No Liberian is more Liberian than the others. Mitigating cultural dishonesty and educationists in Liberia require a democratic solution, a collective efforts where citizens proffer and propound diverse and constructive views for the betterment of the society. That said, I am HAVING MY SAY…
Regional or Geographical Nepotism: A Deficiency in the George Weah-led Government
By Kadiker Rex Dahn, MA, M.Ed, PhD
In a country where citizens butchered one another on ethnic and religious lines, where national reconciliation is lacking especially after a hard fought general election, what a good leader does is to reach out to all citizens even citizens that canvassed and voted against.
This may be President Weah’s intention because demonstrably, the President appointed Emmanuel Nuquay, who was the vice running mate to former Vice President, His Excellency Joseph Nyumah Boakai. Whether Nuquay double-crossed the Unity Party and gave support to Coalition for Democratic Change (CDC), while on the Unity Party’s ticket is not the purpose of this article, but the fact he was appointed by President Weah portrays the President’s willingness to have a government of inclusion.
IN FACT, THE PRESIDENT IS ON RECORD CALLING FOR GOVERNMENT OF INCLUSION. The purpose of this article is to remind the President of his stated intention of inclusion and not to consider divisive politics because looking at the present composition of his government, he has committed what we called REGIONAL OR GEOGRAPHICAL NEPOTISM.
There are those who claim that this is CDC’s turn and such people are in support of political alienation as is manifested in the CDC’s led government. These approaches by some insiders undermine the President’s quest for government of inclusion as demonstrated with Emmanuel Nuquay. Considering the President’s own presidential appointments unarguably has undercut his own thesis of government of inclusion.
The CDC’s led government from initial analysis seems not only to have failed on nepotism but have upgraded the act to Geographical or Regional Nepotism.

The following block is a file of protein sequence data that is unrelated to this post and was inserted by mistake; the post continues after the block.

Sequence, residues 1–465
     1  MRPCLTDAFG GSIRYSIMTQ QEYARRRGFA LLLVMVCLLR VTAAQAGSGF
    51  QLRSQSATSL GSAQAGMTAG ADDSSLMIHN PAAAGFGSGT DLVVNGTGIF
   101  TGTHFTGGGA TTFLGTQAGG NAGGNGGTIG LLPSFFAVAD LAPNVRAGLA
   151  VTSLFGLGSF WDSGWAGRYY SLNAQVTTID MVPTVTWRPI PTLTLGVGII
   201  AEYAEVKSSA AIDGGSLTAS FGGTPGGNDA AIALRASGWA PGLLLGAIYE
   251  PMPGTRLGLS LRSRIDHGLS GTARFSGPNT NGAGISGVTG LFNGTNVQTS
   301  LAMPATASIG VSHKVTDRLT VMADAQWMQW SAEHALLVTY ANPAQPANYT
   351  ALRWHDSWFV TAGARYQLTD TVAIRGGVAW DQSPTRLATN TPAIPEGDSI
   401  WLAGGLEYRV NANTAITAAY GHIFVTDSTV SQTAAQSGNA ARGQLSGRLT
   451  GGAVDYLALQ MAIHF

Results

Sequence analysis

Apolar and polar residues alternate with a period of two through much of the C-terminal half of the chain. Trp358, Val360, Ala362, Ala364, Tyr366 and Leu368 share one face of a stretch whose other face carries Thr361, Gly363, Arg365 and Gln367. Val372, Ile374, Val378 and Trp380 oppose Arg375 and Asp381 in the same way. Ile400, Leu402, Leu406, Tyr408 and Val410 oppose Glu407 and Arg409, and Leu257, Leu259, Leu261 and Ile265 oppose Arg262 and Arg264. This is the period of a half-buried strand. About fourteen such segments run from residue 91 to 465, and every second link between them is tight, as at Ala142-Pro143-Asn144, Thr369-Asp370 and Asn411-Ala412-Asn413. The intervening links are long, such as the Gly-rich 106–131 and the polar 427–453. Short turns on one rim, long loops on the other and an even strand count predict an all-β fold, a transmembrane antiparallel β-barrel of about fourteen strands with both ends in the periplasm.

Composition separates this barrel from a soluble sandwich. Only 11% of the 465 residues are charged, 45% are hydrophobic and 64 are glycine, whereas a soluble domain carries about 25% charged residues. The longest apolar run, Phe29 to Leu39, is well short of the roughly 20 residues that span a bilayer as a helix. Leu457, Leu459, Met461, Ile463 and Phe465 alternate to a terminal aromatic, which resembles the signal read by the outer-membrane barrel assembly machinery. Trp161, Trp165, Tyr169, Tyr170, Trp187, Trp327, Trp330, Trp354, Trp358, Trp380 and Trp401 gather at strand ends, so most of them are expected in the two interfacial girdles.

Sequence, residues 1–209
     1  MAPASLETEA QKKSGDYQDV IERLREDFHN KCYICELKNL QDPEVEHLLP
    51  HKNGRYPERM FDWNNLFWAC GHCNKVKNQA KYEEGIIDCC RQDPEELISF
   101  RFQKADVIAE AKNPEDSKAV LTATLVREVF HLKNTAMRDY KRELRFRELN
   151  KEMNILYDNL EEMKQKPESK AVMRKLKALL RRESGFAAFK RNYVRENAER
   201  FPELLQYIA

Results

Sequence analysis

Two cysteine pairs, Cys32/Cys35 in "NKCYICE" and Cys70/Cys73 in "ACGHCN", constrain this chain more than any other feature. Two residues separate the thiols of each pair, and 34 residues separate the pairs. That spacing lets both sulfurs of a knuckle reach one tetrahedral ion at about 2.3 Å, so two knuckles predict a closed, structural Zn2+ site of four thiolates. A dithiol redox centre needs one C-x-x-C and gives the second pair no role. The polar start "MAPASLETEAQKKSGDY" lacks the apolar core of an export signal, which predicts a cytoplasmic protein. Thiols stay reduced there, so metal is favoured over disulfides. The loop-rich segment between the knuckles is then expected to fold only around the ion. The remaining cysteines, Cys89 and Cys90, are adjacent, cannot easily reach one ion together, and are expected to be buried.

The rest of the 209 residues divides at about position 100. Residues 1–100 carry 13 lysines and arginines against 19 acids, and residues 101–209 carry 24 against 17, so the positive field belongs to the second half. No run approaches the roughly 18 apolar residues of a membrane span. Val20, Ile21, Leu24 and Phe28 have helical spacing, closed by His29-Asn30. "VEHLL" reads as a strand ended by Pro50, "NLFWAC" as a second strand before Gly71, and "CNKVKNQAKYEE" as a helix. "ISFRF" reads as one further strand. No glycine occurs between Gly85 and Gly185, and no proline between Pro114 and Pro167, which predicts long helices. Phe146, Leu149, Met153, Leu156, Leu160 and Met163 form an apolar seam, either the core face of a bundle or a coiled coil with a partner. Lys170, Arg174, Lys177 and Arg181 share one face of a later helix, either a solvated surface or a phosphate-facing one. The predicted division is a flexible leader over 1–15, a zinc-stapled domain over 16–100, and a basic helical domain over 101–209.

By geographical or regional nepotism, we intend to argue that President Weah’s appointees in government miserably lack the test of inclusion where almost all his appointments are from the Southeast where he hails from. We ask, Did only the people of the Southeast vote for him and no other sector of the Country voted, thus he wants to appease only his Southeastern electorates? With geographical or regional nepotism, President Weah has failed to deliver the goods for all the Liberian people.
For example, present appointments in his government indicate predominant selection in the echelon of the government is from that region.
To prove beyond all reasonable doubts, here are the names of some of those presently serving in President Weah’s cabinet and their region of origin: Minister of Finance: Samuel Tweah; Minister of Information, Cultural Affairs and Tourism: Eugene Nagbe; Minister of Commerce: Wilson Tarpeh; Minister of Foreign Affairs: Gbehzohngar Findley; Minister of Justice, Frank Musa Dean; Minister of National Defense, Daniel Ziankahn; Minister of Gender, Williametta Saydee Tarr; Mary Broh, Director General, GSA; Zogar Wilson, Minister of Youth and Sports; Samuel Wlue, Minister of Transport; Mabutu Nyenpan, Minister of Public Works; Patrick Toe Sudue, Inspector General, LNP; Reginald Nagbe, Director General , Liberia National Lotteries Authority; Francis Wreh, Director, LISGIS; and Francis Kateh, Deputy Minister of Health (all hail from the Southeast).
At the Legislature, the top echelon from the Southeast is also in dominance: Senate Pro-Temp, Albert Chie and Speaker Bhofal Chambers. Such nepotism breeds alienation of others who are not from the Southeast. Is it not against what our progressive fathers fought for? Did they not championed equality regardless of ethnic or religious back grounds? Does the present composition of the CDC’s led government not undermine their ideal for progressive nation building?
Finally, Your Excellency, from the above analysis, wouldn’t you agree that your appointments so far betray the genuine concerns you have professed to bring about democratic leadership, where equality, fair play, and inclusion will be the cornerstones of governance? The fact is that the presence of regional or geographical nepotism in your government indicates that ending the struggles you promised are remote possibility for national reconciliation. Surrounding yourself with individuals who are mostly like-minded will not give you diversity and constructive views. You are right in part to have some of your folks around you but the Presidency is not for supporters alone; you also need experienced citizens from diverse backgrounds with impeccable records who will guard you both at the national and international levels.
Again, Excellency, these suggestions are being made in good faith for the better of your leadership and that of our country.
One of our progressive fathers, Gabriel Baccus Matthews once said of President Sirleaf’ election, “this is the President all of us did not vote for, but this is the President all of us have.” Whether a citizen voted for you or not, you are the President of Liberia thus our candid advice to take a stock of your activities since coming to power because in our opinion, those activities undermine your quest to end the struggles where equality, fair play and good governance will be the cornerstones.
About the author:
Kadiker Rex Dahn holds a PhD in Historical, Philosophical and Social Foundations of Education from the University of Oklahoma. He is a member with distinction of the North America Scholar Consortium. Contact: email@example.com.